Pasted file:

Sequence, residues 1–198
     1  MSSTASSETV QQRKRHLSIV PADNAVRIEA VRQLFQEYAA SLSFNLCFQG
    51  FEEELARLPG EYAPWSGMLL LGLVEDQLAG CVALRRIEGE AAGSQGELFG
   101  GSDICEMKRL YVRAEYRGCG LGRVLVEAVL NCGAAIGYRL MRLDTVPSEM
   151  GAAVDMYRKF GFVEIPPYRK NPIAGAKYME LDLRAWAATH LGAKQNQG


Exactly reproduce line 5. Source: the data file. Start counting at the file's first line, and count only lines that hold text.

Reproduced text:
   151  GAAVDMYRKF GFVEIPPYRK NPIAGAKYME LDLRAWAATH LGAKQNQG